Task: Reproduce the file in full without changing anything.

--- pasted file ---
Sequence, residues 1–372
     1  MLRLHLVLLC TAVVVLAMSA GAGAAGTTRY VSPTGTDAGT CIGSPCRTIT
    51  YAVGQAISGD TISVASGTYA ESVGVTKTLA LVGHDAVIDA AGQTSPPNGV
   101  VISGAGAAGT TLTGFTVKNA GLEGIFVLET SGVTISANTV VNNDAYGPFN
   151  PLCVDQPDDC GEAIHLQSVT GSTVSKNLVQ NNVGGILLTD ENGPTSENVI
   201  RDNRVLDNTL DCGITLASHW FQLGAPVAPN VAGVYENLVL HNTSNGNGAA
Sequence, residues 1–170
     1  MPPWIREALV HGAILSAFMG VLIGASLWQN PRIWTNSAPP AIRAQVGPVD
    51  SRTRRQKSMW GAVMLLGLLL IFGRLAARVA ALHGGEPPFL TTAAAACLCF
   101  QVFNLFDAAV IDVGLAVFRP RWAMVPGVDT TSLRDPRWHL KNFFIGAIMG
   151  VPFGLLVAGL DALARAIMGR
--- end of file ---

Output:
Sequence, residues 1–372
     1  MLRLHLVLLC TAVVVLAMSA GAGAAGTTRY VSPTGTDAGT CIGSPCRTIT
    51  YAVGQAISGD TISVASGTYA ESVGVTKTLA LVGHDAVIDA AGQTSPPNGV
   101  VISGAGAAGT TLTGFTVKNA GLEGIFVLET SGVTISANTV VNNDAYGPFN
   151  PLCVDQPDDC GEAIHLQSVT GSTVSKNLVQ NNVGGILLTD ENGPTSENVI
   201  RDNRVLDNTL DCGITLASHW FQLGAPVAPN VAGVYENLVL HNTSNGNGAA
Sequence, residues 1–170
     1  MPPWIREALV HGAILSAFMG VLIGASLWQN PRIWTNSAPP AIRAQVGPVD
    51  SRTRRQKSMW GAVMLLGLLL IFGRLAARVA ALHGGEPPFL TTAAAACLCF
   101  QVFNLFDAAV IDVGLAVFRP RWAMVPGVDT TSLRDPRWHL KNFFIGAIMG
   151  VPFGLLVAGL DALARAIMGR